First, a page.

An ability to live in diverse climates helped Homo sapiens thrive
Researchers at the Max Planck Institute for the Science of Human History have found that Homo sapiens did not live under the same environmental conditions as previous and coexisting hominins, such as Homo neanderthalensis and Homo erectus.
According to a critical review of archaeological and palaeoenvironmental data from the Early and Middle Pleistocene, Homo sapiens responded differently to the distribution of resources compared to other ancient humans.
The experts have determined that the greatest defining feature of Homo sapiens is the ability to occupy diverse and extreme settings around the world. This is strikingly different from the adaptations of other hominin populations, and may explain how our species has survived the longest on the planet.
“A traditional ecological dichotomy exists between ‘generalists,’ who can make use of a variety of different resources and inhabit a variety of environmental conditions, and ‘specialists,’ who have a limited diet and narrow environmental tolerance,” said lead author Dr. Patrick Roberts.
“However, Homo sapiens furnish evidence for ‘specialist’ populations, such as mountain rainforest foragers or palaeoarctic mammoth hunters, existing within what is traditionally defined as a ‘generalist’ species.”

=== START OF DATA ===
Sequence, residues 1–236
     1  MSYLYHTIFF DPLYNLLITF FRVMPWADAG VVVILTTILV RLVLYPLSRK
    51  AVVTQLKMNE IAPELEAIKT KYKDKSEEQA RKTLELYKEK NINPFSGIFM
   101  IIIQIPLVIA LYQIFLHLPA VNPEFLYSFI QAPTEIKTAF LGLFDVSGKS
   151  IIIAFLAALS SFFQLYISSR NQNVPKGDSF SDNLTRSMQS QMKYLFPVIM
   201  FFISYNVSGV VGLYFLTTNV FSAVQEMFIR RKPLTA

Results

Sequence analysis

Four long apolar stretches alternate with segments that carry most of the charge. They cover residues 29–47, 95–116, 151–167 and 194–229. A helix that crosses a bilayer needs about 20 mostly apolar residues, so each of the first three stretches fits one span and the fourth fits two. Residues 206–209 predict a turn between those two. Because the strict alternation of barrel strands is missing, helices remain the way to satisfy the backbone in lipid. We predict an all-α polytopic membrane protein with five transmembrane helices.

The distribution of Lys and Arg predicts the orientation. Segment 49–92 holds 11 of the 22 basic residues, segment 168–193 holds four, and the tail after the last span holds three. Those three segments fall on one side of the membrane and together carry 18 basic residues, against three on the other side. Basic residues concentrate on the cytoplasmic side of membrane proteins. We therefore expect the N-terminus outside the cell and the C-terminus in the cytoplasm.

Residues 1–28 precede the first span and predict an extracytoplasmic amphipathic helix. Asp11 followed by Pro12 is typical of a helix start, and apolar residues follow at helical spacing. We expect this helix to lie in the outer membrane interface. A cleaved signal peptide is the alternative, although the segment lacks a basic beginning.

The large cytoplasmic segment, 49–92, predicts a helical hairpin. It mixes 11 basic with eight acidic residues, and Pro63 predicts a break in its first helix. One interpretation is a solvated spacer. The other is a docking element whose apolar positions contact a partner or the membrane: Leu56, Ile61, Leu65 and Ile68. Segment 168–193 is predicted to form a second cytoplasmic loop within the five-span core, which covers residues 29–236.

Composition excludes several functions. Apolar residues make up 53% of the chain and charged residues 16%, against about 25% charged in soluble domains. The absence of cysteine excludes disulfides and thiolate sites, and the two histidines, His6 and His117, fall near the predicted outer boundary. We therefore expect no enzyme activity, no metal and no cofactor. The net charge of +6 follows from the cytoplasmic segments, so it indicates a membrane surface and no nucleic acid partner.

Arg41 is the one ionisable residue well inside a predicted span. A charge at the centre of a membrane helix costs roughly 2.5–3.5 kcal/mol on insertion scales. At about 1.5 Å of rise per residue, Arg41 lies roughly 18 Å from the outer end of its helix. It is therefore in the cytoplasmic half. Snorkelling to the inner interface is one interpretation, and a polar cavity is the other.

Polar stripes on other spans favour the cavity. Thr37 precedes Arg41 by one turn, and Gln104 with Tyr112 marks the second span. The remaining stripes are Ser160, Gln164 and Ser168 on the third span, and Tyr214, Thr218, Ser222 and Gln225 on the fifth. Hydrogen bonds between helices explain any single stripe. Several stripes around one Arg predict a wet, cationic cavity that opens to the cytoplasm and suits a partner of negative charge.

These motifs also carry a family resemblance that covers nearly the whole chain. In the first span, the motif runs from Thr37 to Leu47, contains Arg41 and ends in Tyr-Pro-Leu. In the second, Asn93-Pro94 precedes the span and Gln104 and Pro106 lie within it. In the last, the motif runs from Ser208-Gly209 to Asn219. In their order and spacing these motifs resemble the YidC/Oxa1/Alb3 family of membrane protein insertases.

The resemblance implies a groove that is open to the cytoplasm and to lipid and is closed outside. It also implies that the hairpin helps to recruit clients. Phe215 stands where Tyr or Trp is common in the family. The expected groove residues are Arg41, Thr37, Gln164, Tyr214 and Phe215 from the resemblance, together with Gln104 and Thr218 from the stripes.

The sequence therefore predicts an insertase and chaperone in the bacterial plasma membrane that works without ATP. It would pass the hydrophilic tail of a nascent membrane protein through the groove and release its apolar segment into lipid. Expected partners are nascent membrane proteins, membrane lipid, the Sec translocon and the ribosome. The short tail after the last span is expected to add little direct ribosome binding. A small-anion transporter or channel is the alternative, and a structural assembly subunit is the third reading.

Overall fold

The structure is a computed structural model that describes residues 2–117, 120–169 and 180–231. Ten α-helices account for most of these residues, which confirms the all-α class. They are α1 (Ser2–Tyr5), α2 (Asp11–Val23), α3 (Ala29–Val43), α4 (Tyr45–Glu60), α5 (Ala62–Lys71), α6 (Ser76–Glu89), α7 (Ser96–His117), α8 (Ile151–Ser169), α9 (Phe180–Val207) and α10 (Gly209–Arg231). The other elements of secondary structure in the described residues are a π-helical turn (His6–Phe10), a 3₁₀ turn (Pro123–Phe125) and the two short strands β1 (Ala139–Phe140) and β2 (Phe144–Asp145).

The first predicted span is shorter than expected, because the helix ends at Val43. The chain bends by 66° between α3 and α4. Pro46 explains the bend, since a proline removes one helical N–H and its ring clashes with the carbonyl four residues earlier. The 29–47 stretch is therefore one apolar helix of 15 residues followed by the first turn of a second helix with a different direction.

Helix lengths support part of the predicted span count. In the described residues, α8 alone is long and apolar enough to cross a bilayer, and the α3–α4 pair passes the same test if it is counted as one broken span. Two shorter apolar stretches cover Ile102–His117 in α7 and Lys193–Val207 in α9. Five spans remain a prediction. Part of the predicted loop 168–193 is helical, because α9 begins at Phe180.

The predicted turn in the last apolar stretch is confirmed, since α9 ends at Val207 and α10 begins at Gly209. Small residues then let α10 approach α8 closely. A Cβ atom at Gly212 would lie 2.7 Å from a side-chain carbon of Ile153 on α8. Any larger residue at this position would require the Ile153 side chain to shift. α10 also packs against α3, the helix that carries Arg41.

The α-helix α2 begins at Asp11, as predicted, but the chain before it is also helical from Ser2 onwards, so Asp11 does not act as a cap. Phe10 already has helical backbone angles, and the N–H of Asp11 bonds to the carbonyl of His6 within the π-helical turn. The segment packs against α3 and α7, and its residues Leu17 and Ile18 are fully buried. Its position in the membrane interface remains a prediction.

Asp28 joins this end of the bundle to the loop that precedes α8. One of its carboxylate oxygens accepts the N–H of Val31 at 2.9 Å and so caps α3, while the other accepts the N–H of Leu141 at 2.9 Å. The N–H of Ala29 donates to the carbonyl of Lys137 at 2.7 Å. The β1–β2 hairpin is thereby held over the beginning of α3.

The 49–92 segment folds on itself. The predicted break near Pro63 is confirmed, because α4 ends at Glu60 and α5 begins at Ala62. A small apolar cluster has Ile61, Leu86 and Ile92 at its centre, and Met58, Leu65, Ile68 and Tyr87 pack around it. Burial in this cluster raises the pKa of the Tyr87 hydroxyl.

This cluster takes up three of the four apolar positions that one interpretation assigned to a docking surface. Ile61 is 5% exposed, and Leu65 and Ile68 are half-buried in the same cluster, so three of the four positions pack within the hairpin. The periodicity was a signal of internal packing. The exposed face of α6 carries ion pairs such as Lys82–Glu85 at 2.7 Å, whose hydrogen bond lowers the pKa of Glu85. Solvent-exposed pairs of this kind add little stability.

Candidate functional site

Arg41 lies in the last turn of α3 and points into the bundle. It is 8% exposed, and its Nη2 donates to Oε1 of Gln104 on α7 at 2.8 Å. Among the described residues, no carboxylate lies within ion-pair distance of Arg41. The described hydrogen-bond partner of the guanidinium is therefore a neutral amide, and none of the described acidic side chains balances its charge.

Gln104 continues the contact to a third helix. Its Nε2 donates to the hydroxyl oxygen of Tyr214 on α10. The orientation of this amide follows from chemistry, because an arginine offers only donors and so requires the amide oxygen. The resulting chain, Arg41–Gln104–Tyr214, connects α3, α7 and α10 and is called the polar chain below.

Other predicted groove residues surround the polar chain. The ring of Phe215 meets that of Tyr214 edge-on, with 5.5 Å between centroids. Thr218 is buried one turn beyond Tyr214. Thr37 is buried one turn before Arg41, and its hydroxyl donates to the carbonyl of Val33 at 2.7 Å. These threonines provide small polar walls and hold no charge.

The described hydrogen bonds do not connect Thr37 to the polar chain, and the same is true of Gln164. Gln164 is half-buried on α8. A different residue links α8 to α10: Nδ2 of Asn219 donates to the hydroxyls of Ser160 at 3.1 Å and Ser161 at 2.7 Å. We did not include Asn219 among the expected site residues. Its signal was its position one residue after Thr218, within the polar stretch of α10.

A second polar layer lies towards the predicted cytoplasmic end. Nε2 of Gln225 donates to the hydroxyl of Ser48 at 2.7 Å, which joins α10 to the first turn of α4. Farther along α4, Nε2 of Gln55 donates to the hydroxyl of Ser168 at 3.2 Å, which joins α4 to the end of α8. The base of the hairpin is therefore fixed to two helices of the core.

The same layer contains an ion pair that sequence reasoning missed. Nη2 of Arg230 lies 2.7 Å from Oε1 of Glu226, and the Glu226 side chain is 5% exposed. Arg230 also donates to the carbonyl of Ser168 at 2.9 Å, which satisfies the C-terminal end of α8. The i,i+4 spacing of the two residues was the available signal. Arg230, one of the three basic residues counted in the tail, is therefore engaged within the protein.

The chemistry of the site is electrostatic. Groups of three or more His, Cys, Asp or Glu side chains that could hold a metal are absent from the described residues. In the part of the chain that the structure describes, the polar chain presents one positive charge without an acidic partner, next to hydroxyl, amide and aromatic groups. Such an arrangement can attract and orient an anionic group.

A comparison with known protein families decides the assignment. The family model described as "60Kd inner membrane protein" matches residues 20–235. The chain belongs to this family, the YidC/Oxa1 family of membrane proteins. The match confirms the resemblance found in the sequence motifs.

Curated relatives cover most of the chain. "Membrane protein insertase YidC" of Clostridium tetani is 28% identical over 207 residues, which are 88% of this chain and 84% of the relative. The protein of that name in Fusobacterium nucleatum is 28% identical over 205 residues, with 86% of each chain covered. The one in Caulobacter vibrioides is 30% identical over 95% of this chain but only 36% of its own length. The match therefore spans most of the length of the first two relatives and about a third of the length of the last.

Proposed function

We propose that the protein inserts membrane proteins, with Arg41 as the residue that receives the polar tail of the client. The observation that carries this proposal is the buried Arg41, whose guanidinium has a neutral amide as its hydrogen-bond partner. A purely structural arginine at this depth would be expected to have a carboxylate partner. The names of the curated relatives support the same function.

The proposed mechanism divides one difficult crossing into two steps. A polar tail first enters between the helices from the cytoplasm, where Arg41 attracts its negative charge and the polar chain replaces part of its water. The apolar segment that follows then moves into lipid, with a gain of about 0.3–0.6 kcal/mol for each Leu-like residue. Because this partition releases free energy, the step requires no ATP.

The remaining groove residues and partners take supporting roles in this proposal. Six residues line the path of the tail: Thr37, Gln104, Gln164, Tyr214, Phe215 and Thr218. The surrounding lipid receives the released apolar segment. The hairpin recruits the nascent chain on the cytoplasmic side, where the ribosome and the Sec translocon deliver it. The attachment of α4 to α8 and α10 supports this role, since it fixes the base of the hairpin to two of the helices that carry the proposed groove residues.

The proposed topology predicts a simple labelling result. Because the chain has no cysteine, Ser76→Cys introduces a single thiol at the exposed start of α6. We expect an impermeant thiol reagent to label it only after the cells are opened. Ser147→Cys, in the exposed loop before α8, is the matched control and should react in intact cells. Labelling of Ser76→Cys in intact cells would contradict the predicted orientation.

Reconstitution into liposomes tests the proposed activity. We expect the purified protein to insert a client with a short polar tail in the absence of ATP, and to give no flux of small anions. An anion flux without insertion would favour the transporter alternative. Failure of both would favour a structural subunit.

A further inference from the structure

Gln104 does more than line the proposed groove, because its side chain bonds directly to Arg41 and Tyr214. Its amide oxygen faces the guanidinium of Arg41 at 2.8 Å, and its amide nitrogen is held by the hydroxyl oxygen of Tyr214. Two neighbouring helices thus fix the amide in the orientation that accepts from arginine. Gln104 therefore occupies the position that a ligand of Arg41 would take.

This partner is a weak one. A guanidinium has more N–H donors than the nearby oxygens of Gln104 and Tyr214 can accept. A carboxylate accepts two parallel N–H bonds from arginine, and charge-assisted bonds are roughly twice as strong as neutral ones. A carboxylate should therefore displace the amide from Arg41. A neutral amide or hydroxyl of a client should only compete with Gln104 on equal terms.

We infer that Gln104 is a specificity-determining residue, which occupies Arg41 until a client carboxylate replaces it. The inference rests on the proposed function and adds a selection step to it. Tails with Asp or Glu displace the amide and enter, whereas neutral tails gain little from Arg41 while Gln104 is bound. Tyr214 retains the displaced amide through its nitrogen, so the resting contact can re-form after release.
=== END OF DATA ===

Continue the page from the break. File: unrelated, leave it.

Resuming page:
The evolutionary group that is considered to be “human,” which emerged in Africa about three million years ago, is extremely diverse. By one million years ago, some members of the genus Homo had already spread out to regions such as China and Indonesia, particularly Homo erectus.
While it has been argued that Homo erectus and Homo floresiensis, used humid tropical rainforest habitats in Southeast Asia from one million years ago up until sometime in the last 100,000 years, the authors found no reliable evidence for this.
In addition, it has been documented that the Neanderthals were specialized to the occupation of high-latitude Eurasia between 250,000 and 40,000 years ago. However, the current review suggests that Neanderthals primarily exploited forest and grassland habitats from northern Eurasia to the Mediterranean.
By 80-50,000 years ago, Homo sapiens had expanded to higher-elevation niches compared to the other members of the genus Homo. Our species was also rapidly settling a range of palaeoarctic regions and tropical rainforest conditions across Asia, Melanesia, and the Americas.
The study authors pointed out that more advanced research techniques will continue to improve our understanding of the colonizing capacities of Homo sapiens.
According to the experts, testing the ‘generalist specialist’ niche in our species encourages research in more extreme environments that have previously been neglected, including the Gobi Desert and Amazon rainforest. Such research is particularly important in Africa, where Homo sapiens originated.
“As with other definitions of human origins, problems of preservation also make it difficult to pinpoint the origins of humans as an ecological pioneer,” said Roberts. “However, an ecological perspective on the origins and nature of our species potentially illuminates the unique path of Homo sapiens as it rapidly came to dominate the Earth’s diverse continents and environments.”
The study is published in the journal Nature Human Behaviour.
Image Credit: John Klausmeyer, concept by Brian Stewart, University of Michigan. Aerial view of reindeer herd from zanskar / iStock